History of Hanna-Barbera: "The Atom Ant/Secret Squirrel Show"
For the first roughly ten years of Hanna-Barbera’s existence, a number of their shows followed the same general structure. The shows would consist of three segments, each starting with an animal character who’d be the headlining act, followed by two segments starring other animal characters. This was the case with “The Huckleberry Hound Show”, “The Quick Draw McGraw Show”, “The Yogi Bear Show”, “The Hanna-Barbera New Cartoon Show”, “The Magilla Gorilla Show”, and “The Peter Potamus Show”. While they would still be occasionally create shows of similar formats, the last of this “The ___ Show” line would come in 1965.
However, two changes would set these new shows apart from the rest. For one, this would be the first time Hanna-Barbera entered the realm of Saturday morning cartoons, though still at a time when cartoons funded by cereal companies dominated the landscape (which would soon be transitioned out the following year thanks to shows like Hanna-Barbera’s own “Space Ghost & Dino Boy”). Secondly, rather than act as separate entities, the two shows would air together side-by-side as Hanna-Barbera’s first hour long series: “The Atom Ant/Secret Squirrel Show”.
The Atom Ant/Secret Squirrel Show
September 9, 1965 - September 7, 1967
Perhaps, in a way predicting the shift to superhero series which Hanna-Barbera would soon transition into, Atom Ant is technically the studio’s first superhero cartoon. An ant powered by atomic energy (as his name would imply), Atom Ant possessed incredible strength, speed, flight, and durability.
In each episode, Atom Ant, in his headquarters inside an anthill, would be tasked by the local police (consisting of only two officers and a busted up patrol car) to help take on crime. Shouting his catchphrase “Up and at’em, Atom Ant!”, he’d face off against any number of supervillains, including his most frequent of foes, evil scientist Professor Von Gimmick and the likewise insectoid Ferocious Flea.
Initially, Atom Ant was voiced by Howard Morris, who had voiced Mr. Peebles in “Magilla Gorilla” and Jet Screamer in “The Jetsons”. However, due to an alleged disagreement with Joseph Barbera, he was replaced in the later episodes with Don Messick, who also voiced Ferocious Flea.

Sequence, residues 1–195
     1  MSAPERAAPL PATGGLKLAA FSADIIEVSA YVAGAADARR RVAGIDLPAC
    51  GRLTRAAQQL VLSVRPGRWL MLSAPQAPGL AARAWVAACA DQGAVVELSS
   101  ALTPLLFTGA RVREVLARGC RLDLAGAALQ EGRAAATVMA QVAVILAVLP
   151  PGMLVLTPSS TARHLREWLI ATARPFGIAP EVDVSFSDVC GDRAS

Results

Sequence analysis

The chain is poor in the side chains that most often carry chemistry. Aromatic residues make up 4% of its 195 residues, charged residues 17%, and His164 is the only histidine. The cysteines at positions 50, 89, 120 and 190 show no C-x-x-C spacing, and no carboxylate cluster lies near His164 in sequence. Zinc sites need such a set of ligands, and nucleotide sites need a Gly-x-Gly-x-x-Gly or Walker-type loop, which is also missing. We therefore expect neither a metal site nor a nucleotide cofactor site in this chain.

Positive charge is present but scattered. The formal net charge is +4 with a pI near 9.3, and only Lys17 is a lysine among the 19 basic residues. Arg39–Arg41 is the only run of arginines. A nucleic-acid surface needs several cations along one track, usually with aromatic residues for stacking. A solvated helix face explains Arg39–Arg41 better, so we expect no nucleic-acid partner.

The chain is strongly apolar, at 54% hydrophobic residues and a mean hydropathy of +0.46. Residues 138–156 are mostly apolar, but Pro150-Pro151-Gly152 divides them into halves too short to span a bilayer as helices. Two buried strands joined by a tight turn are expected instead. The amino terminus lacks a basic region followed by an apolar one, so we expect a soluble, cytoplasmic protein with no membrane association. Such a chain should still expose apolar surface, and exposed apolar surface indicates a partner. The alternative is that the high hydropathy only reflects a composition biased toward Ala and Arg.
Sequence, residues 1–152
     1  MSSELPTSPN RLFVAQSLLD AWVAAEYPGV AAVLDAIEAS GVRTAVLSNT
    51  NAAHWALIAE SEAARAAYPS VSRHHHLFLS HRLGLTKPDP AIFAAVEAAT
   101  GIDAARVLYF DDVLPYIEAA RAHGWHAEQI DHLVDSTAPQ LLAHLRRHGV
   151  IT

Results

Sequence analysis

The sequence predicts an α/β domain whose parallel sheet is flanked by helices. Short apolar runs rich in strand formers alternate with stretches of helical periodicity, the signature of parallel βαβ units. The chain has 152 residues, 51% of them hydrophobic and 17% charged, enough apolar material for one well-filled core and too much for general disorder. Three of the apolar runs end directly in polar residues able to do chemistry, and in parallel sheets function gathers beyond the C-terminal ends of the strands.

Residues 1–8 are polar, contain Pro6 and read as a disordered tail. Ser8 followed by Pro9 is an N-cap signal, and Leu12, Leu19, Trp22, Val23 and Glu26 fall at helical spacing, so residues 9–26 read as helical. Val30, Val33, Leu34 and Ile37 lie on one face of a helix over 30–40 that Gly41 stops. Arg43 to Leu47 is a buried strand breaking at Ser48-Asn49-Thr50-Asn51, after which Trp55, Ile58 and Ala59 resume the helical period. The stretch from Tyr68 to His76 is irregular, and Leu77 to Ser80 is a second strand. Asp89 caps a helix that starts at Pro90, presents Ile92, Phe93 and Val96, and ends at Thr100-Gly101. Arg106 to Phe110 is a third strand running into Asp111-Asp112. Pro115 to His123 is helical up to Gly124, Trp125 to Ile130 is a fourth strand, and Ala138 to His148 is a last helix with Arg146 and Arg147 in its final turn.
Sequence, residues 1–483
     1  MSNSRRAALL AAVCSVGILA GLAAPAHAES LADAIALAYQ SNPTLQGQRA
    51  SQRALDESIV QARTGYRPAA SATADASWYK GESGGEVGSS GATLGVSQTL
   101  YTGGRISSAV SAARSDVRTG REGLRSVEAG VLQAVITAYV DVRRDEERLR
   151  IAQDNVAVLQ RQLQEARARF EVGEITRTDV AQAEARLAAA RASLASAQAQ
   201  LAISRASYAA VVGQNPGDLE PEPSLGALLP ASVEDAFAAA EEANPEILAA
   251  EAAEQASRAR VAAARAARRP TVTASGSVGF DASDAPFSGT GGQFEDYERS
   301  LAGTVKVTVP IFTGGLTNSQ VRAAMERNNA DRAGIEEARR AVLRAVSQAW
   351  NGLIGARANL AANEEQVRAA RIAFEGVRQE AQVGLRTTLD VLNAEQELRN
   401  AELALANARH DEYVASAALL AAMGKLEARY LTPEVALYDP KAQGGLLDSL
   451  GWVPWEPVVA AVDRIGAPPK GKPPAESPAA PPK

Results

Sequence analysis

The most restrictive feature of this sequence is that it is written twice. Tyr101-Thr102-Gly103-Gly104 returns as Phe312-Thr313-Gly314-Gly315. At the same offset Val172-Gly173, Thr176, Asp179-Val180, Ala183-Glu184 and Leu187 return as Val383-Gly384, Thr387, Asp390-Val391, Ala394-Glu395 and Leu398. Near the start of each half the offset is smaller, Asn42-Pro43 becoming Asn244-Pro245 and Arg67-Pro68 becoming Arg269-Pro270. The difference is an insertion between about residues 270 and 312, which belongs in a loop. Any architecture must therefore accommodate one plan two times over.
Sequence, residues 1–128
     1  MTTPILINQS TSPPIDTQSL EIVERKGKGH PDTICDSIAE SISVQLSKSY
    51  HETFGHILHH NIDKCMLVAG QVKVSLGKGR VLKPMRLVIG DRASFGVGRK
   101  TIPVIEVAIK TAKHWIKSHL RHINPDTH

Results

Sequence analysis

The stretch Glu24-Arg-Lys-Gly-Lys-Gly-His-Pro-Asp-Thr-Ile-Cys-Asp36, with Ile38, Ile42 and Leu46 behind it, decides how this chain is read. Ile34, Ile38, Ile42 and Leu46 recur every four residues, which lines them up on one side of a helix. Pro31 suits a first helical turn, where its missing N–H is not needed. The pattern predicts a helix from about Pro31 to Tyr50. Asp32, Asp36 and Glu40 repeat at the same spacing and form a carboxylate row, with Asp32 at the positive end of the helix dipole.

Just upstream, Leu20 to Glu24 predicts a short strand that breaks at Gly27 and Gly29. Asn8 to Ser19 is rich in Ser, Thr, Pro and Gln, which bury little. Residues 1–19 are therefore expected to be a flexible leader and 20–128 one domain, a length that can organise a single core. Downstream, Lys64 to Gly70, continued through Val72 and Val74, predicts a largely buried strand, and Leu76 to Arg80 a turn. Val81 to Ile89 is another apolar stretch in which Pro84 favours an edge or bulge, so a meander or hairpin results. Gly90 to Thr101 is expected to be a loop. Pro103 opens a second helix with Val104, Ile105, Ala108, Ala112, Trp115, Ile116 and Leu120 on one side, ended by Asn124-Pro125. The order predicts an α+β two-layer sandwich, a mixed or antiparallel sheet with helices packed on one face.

For the second segment, Hanna-Barbera went back to the well of drawing from older cartoons, resulting in a mix of their own Tom & Jerry and Sylvester & Tweety from Warner Bros. The cartoon starred a dog named Precious, who to his owner, an old woman named Granny Sweet (voiced by Janet Waldo), is the kindest dog around. However, when she’s not looking, whether she’s distracted by her interest in motorcycles or other hobbies that play against stereotype, Precious becomes the neighborhood’s worst nightmare. Postal workers, dog catchers, even his own “friend” (another dog named Spike), none are spared from the terror of Precious Pupp. All the while, Granny is completely oblivious to everything.
Perhaps the most notable thing about this, besides its similarities to other works, is the laugh that Don Messick gives to Precious Pupp, his only vocalization. This wasn’t the first appearance of that familiar wheezing sound, with the previous year’s “Hey There, It’s Yogi Bear” also featuring a dog with a wheezing laugh, but Precious Pupp showed that Hanna-Barbera were tinkering with the idea of a dog character who made that sound. Ultimately, the laugh would catch on several years later in “Wacky Races”, with the mischievous dog Muttley.
The Hillbilly Bears
Much like “Punkin’ Puss & Mushmouse” in the previous year’s “Magilla Gorilla Show”, the hour’s third offering was another show about hillbilly stereotypes. The Hillbilly Bears was about a stereotypical family of bears, the Ruggs, and the antics they get into on a daily basis. Whether that be dealing with issues like a hungry gopher eating their garden, repairing a windmill, dealing with the government and city planners, being abducted by aliens, or (on multiple occasions) feuding with their neighbors, the Hoppers.
The family was led by the slobbish gun-toting father Paw Rugg, voiced by Henry Corden in his first starring role for a Hanna-Barbera cartoon (he would eventually become the second Fred Flintstone during the 70s). Paw’s voice was initially near-incomprehensible mumbling, but was eventually made clearer as the series went on. There was also the more reserved Maw Rugg, voiced by Jean Vander Pyl, who’d often reign her husband in when his antics got too out of hand. Their daughter Floral, also voiced by Jean Vander Pyl, was more sophisticated and showed a romantic interest in the Hoppers’ son Claude (voiced by Paul Frees). The youngest member of the family, Shag (voiced by Don Messick), idolized Paw greatly, to the point of getting into arguments with the Hoppers youngest child over who had the toughest father.